Theresa May tells courts to cut number of prisoners allowed to stay in UK

 

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Indy Politics

Theresa May set up a showdown between Parliament and judges yesterday as she vowed to cut the number of foreign prisoners who avoid deportation by pleading family commitments.

The Home Secretary wants MPs to set new guidelines on what the "right to a family life" enshrined in European law should mean in the case of a foreign criminal facing deportation, and indicated that she would change the law if the judges did not follow the Government's advice.

The move was part of plans aimed at reducing immigration, including a new income guarantee before migrants can bring their families into the country. Rights groups claim it will lead to thousands of families being broken up.

Mrs May originally promised a change in the foreign criminal rules at the Conservative annual conference last year, when she notoriously claimed that a Bolivian man had been allowed to stay in the UK because he had a pet cat. That claim was swiftly denied by the office representing senior judges.

Yesterday, Mrs May said there was no "absolute right" to a family life under the European Convention on Human Rights, denying that her position would put Britain on a collision course with the European court.

"There are some instances where the European court's actually been tougher than our own courts," she told the BBC's Andrew Marr Show. "The European court actually takes a tougher view on those who've built up so-called rights over a period of time when they've been here illegally.

"I would expect that judges will look at what parliament will say and that they will follow and take into account what parliament has said. If they don't, then we'll have to look at other measures and that could include primary legislation."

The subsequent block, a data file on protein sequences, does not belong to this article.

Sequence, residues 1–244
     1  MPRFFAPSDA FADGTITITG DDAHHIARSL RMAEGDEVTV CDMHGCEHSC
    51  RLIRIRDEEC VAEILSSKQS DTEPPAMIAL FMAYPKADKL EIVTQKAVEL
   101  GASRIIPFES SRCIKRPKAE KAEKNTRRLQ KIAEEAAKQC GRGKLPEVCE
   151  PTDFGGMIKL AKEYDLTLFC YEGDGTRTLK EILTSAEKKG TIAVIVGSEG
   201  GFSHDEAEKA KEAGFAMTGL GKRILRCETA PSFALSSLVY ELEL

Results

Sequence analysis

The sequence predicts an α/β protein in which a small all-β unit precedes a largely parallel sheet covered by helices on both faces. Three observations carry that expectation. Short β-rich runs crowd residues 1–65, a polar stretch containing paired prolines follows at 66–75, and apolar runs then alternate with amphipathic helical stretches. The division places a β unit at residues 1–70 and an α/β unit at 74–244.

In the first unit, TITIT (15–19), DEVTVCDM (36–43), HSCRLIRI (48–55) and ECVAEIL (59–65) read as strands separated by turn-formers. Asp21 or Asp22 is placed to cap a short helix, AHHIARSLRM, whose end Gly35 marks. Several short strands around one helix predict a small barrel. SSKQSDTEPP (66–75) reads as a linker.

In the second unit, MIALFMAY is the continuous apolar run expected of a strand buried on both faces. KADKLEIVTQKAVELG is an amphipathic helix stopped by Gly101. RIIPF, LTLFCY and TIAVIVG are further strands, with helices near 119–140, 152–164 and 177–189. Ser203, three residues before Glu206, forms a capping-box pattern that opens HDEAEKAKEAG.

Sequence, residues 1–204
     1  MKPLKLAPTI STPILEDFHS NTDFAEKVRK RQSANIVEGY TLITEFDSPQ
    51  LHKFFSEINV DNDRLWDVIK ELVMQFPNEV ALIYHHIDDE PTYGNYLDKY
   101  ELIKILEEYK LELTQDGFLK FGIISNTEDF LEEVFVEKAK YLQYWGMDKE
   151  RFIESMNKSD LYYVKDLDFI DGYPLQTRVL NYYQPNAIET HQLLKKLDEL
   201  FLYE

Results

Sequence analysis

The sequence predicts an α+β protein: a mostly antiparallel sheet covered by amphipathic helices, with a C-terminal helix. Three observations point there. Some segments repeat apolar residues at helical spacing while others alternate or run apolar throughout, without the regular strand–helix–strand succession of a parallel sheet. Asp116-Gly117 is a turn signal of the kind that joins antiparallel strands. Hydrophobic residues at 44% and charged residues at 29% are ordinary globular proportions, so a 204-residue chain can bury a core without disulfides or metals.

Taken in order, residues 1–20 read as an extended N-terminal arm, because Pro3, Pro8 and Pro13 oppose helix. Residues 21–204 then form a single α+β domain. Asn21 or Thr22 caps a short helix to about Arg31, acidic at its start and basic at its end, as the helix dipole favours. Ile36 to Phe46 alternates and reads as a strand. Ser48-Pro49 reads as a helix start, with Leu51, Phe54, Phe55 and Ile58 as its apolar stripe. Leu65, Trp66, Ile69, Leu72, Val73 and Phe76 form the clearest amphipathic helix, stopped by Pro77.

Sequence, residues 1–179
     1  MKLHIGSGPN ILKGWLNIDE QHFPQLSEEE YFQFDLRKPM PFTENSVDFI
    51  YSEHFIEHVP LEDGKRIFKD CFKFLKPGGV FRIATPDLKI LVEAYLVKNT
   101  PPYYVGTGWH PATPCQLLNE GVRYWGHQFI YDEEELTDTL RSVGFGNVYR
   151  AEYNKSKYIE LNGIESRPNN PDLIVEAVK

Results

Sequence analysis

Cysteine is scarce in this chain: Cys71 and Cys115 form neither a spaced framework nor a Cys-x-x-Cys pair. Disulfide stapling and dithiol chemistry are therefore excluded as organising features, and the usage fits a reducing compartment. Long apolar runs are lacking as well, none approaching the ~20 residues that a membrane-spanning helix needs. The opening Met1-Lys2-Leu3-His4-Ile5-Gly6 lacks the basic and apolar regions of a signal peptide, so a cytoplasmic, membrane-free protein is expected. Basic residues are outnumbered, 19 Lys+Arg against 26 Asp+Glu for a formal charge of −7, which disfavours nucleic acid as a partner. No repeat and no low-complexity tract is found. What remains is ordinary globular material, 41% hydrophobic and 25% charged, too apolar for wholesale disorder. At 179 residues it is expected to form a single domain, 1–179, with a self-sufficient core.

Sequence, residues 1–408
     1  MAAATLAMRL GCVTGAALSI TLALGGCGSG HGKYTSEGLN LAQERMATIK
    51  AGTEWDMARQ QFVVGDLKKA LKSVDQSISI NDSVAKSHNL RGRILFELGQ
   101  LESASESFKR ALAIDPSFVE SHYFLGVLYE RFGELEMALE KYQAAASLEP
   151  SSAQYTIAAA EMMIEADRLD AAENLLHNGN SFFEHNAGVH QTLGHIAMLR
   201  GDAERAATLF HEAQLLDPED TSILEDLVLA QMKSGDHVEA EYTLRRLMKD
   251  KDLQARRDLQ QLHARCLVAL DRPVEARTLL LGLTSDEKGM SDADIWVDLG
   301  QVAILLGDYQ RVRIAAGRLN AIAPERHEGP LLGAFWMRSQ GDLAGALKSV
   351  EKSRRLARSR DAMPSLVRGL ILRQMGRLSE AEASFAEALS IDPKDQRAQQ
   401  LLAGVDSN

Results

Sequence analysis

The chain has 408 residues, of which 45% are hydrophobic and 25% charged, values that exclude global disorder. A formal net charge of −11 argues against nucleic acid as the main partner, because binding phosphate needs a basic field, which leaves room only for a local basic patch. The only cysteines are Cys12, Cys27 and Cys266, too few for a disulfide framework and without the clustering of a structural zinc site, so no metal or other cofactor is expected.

But she admitted yesterday that her headline-grabbing initiative on foreign prisoners was likely to have little impact on the overall immigration statistics. "This is not big numbers", she said, when compared with the effect of the Government's decision, announced last year, to cut the number of student visas issued each year by 52,000.

Labour's shadow home secretary, Yvette Cooper, said Mrs May should focus on sorting out the confusion at the UK Border Agency.

Jamie Beagent from the human rights team at the law firm Leigh Day & Co said: "It is hard to see what difference this guidance can make as it does not change the law and simply exhorts the courts to continue doing what they have been doing all along."

Mrs May will lay down new rules today preventing immigrants earning less than £18,600 a year from bringing their families into the UK.

The threshold is lower than originally planned, but the Joint Council for the Welfare of Immigrants warned that it would still mean nearly half of applications would be rejected and some 15,000 families would be forced to live apart. The council's Habib Rhaman said: "These measures are the actions of a vicious government."

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